Tackling Costly Saints Stress


Stress costs Americans $300 billion a year, and Louisianians are coping with an unique blitz – Saints fever.

According to a recent American Psychological Association report, stress costs hundreds of billions in “accidents, absenteeism, employee turnover, diminished productivity and direct medical, legal and insurance costs” across the nation annually, and healthline.com found stress affects a person’s mental health and takes a physical toll on the body.

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“As each week passes with another Saints victory, the stakes are getting higher – and so are our stress levels,” said Ochsner Health System’s Dr. Samy Abdelghani. “Think about the last time you watched a game… Was your heart pounding?”

This Sunday, Jan. 20, when the New Orleans Saints strive to beat the Los Angeles Rams in the NFC Championship Game, they will be fighting for another shot to play in the Super Bowl. Dr. Abdelghani said studies show when you watch a Saints game at the Mercedes-Benz Superdome you could snap, and suffer from a higher than average heart rate depending on how stressful the game is. For many, this Sunday’s game will be a nail-biter!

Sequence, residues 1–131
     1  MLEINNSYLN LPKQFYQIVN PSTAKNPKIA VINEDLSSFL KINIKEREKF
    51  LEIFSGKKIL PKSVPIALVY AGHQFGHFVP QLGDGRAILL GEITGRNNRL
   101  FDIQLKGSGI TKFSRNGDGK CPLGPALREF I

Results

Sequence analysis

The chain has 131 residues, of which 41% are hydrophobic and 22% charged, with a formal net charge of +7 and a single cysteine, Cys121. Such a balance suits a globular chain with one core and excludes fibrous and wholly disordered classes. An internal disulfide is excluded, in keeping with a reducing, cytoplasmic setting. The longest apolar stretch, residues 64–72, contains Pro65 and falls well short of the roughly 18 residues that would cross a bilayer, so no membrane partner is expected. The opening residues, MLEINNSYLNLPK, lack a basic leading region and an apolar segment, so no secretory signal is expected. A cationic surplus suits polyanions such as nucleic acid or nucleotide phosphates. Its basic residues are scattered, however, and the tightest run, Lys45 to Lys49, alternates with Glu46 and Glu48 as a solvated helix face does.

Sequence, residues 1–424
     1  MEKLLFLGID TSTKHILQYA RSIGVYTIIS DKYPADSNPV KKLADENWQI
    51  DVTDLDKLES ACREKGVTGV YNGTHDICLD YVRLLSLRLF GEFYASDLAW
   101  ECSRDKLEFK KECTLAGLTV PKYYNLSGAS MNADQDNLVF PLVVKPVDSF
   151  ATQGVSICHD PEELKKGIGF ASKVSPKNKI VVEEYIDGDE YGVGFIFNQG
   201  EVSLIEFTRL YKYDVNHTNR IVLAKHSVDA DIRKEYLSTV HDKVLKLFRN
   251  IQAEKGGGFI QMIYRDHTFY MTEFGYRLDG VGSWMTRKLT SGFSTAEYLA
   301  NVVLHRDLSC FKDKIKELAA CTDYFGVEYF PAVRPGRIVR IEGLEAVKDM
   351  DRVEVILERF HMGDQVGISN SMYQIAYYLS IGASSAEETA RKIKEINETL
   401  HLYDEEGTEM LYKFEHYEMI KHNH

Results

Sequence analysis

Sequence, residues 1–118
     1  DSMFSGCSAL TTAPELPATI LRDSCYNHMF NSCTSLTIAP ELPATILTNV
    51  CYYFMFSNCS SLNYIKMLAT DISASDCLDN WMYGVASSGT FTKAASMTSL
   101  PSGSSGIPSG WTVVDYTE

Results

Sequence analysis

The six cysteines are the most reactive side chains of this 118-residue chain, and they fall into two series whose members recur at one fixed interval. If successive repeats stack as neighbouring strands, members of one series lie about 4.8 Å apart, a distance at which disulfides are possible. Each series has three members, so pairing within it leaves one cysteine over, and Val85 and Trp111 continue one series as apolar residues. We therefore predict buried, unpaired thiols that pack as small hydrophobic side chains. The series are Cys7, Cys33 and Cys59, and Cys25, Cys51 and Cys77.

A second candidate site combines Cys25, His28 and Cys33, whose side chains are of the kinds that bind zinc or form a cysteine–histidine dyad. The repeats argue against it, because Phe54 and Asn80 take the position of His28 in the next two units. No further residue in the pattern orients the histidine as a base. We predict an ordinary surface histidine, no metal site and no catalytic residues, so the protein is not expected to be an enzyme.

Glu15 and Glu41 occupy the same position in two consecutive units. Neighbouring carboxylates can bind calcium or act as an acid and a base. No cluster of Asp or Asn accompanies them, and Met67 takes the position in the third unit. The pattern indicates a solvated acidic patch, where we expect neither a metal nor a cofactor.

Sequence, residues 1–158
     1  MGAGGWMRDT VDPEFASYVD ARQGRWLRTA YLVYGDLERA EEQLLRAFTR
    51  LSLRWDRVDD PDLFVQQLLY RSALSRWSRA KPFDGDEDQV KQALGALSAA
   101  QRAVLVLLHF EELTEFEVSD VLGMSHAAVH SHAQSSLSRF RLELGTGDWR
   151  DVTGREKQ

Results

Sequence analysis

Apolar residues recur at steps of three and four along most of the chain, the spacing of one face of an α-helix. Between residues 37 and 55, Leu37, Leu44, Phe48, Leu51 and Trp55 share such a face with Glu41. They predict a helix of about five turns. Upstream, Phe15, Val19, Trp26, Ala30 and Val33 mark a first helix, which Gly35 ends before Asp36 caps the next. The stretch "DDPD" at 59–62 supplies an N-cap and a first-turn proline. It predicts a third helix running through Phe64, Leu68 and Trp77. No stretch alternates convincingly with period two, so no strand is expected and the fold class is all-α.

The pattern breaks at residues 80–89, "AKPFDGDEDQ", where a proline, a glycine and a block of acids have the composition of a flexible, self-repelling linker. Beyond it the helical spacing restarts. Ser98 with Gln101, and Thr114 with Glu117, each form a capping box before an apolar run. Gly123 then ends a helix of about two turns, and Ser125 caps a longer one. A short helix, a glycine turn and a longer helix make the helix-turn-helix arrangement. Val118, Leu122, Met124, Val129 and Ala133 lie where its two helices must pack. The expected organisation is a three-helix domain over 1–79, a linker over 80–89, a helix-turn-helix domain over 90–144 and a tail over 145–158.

“The more ‘high stakes’ moments in the game, the faster someone’s heart would beat,” said Dr. Abdelghani about getting into the stress zone. “When you feel your heart racing, that is adrenaline in your bloodstream which increases your heart rate and blood pressure. It’s important to distinguish between normal indicators of stress and more serious symptoms.”

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When rooting for the Saints to score the chance to compete in Super Bowl LIII in Atlanta, on Sunday, Feb. 3, look out for these red flags: severe chest pain, headaches, dizziness, lightheadedness and palpitations. Dr. Abdelghani recommends seeking immediate medical attention if any of these symptoms go out-of-bounds throughout the game.